There are twenty thousand nuclear weapons on the planet, a quarter of them ready for launch at a moment’s suicidal impulse, aimed at countries that stopped being enemies two decades ago. It’s six minutes to midnight. “Disarmament” has as much cachet in America’s corridors of power as “socialism.”
And the U.S. House, bless its evil heart, has just sliced the Achilles tendon of peace. It recently passed the National Defense Authorization Act of 2011, which has many seriously worrisome provisions, two of which stand in stark, grinning contrast to one another.
One part of the bill, which now heads to the Senate, would give the president unilateral authority to pursue the “war on terror” anywhere in the world. Anywhere evil resides, the president could go after it, no congressional approval needed. It’s kind of like that already, but this would legalize the streamlining of war and help push the United States, in its role as global superpower, completely beyond the constraints of democracy.
Another part of the bill hampers implementation of the New START nuclear arms control treaty between the U.S. and Russia, which calls for a modest reduction by both countries to 1,550 deployed nuclear weapons. The bill ties implementation of START to weapon systems “modernization,” ensuring that warhead reduction has nothing to do with disarmament.
Lawrence Korb and Alex Rothman, writing recently on Huffington Post, point out that the bill puts three restrictions on the implementation of START:
It bars funding for warhead reduction until the Departments of Defense and Energy certify their commitment to spend $180 billion in nuclear weapons modernization over the next decade; it prohibits the elimination of non-deployed warheads until two next-generation nuclear facilities become operational (right now scheduled for 2024); and “in a historically unprecedented move,” Korb and Rothman write, “the NDAA attempts to bar the president from unilaterally reducing the U.S. nuclear stockpile below New START levels or amending U.S. nuclear targeting strategy without congressional approval.”
In other words, the bill would grant the current and all future presidents the authority to wage war unilaterally, that is, “war on terror,” an unwinnable and therefore endless war against a concept or tactic; but it would prohibit the president from pursuing peace unilaterally, by reducing the country’s obscene stockpile of thousands of undeployed, unimaginably destructive nuclear weapons below START levels.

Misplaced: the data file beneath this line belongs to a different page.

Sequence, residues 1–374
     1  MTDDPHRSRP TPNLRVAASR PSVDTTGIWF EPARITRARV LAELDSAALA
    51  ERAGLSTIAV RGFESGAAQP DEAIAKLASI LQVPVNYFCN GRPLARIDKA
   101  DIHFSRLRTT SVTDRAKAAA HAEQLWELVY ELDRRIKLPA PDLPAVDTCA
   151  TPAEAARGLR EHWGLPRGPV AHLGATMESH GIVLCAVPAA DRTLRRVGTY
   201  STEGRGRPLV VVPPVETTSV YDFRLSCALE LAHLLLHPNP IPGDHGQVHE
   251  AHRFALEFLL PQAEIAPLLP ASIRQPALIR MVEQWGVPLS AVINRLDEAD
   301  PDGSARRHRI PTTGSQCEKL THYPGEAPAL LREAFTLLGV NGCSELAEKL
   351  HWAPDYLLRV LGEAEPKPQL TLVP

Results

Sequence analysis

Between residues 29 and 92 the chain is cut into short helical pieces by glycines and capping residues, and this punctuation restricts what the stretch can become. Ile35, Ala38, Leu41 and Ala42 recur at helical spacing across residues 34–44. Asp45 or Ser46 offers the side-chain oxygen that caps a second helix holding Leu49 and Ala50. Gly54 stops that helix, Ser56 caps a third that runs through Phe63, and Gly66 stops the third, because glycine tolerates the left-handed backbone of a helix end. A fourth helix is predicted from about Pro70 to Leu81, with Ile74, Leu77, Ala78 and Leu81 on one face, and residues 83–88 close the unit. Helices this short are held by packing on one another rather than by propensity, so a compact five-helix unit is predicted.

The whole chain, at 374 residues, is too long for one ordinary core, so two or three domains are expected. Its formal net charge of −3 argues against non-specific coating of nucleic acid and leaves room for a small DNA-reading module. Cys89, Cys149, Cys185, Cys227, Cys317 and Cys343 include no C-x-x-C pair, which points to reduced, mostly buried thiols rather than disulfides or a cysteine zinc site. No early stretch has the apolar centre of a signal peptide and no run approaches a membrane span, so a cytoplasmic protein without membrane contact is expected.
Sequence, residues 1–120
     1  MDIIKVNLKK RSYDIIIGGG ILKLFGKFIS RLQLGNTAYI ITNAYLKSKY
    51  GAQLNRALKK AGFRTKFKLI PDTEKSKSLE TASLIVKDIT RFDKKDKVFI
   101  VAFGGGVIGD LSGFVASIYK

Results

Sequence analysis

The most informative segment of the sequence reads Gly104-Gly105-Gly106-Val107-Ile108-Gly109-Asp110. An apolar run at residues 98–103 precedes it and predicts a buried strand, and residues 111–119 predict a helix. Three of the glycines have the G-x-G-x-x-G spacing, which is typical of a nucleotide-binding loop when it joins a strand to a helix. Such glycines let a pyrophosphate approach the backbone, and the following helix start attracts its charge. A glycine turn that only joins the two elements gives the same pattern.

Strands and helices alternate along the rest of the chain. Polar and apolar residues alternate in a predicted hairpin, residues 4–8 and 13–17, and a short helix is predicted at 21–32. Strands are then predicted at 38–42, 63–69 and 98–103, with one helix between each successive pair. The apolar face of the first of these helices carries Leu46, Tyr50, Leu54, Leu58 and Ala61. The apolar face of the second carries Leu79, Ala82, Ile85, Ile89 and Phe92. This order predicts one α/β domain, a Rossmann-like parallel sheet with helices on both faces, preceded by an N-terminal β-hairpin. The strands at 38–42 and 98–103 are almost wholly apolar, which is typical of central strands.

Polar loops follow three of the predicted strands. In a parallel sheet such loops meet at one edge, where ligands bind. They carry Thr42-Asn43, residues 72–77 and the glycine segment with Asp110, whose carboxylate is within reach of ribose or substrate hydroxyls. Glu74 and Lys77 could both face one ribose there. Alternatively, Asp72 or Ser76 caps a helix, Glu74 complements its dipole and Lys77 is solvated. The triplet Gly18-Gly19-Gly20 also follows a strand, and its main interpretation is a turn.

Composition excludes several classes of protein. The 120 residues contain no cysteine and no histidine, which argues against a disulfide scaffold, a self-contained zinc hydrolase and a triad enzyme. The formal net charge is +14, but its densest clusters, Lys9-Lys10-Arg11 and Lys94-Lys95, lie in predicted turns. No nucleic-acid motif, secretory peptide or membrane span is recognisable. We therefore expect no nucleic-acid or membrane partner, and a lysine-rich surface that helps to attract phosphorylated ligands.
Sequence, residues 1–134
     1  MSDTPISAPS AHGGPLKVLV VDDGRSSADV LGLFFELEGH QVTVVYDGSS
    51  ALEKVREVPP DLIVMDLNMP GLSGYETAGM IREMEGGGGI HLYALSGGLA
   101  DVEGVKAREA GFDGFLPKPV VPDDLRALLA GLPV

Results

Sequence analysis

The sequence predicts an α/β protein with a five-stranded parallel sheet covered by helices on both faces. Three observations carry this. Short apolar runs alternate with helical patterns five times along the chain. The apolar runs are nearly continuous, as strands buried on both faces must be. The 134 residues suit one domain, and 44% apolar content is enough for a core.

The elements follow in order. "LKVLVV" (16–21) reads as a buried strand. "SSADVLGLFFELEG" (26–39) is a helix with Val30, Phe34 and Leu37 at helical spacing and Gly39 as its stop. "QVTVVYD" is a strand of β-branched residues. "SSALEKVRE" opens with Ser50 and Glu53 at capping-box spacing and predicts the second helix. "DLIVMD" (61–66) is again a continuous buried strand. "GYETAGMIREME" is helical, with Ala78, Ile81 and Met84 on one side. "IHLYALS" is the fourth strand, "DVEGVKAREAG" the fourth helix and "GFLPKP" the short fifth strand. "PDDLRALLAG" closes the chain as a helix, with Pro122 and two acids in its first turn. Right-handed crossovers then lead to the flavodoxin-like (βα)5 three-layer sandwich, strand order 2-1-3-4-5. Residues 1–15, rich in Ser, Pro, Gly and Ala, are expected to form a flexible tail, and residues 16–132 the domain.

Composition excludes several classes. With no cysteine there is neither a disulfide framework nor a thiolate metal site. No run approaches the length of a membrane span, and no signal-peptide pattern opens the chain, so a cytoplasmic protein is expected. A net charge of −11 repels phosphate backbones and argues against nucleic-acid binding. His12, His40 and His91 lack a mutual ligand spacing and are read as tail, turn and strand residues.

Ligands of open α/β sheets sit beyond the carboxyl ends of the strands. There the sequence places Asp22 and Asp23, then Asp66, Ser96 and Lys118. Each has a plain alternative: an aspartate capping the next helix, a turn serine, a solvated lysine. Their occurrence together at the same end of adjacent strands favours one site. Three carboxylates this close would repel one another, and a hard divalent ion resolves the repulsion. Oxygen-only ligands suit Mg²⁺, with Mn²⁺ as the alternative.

U.S. nuclear weapons planning is based on the concept of “fewer but newer — nuclear weapons forever,” Jackie Cabasso, executive director of the Western States Legal Foundation, recently commented to the Inter Press Service.
And the Republican-controlled House is hell-bent on crafting the perfect predator state, one that can wage war without the least need to entertain doubt or acknowledge conscience.
“Citizens who brawl on the streets are punished,” writes Barbara Ehrenreich in Blood Rites, her study of the roots of war. “Nations that go to war are feared and often respected. . . . At a more archaic level of the imagination, the nation-as-organism becomes something more, or less, than human. Here is a ‘creature’ that, according to Hegel, requires blood in order to sustain its life — the blood of actual human beings. We recognize, in this view of a nation, another version of humanity’s primordial enemy and original deity: the predator beast.”
This is our dilemma, those of us — most of humanity, I’m quite certain — on the other side of the nuclear divide, wanting a future for our children far saner than present reality. The sustaining myth of the nation-state is conquest and domination, and the more power a nation attains, the more, I fear, it grounds itself in this myth.
Thus while historical forces have pushed the United States into a role of extraordinary leadership, with unprecedented global reach and influence, at a time when a new sort of geopolitics is crucial if the species is to survive, our national vision has grown, I fear, ever more stunted. The country’s controlling forces, infected with predator syndrome, have committed themselves to the futile vision of more of the same, and this vision is especially futile in the realm of nuclear weapons and nuclear war.
Nuclear weapons forever!
What is it going to take to cause a shift, a letting go at the national level of the myth that might makes right? As individuals, most people begin letting go of it before adolescence.
Yet at a national level, the worst of our impulses rise and converge. They become consensus. We are now governed by the consensus that the United States has every right to continue not simply to possess but to develop, at staggering cost, new generations of nuclear weapons, to make them more efficient, more usable . . . toward an end no one dares say.
But that end is clear enough to those outside the consensus. All we need is the right enemy.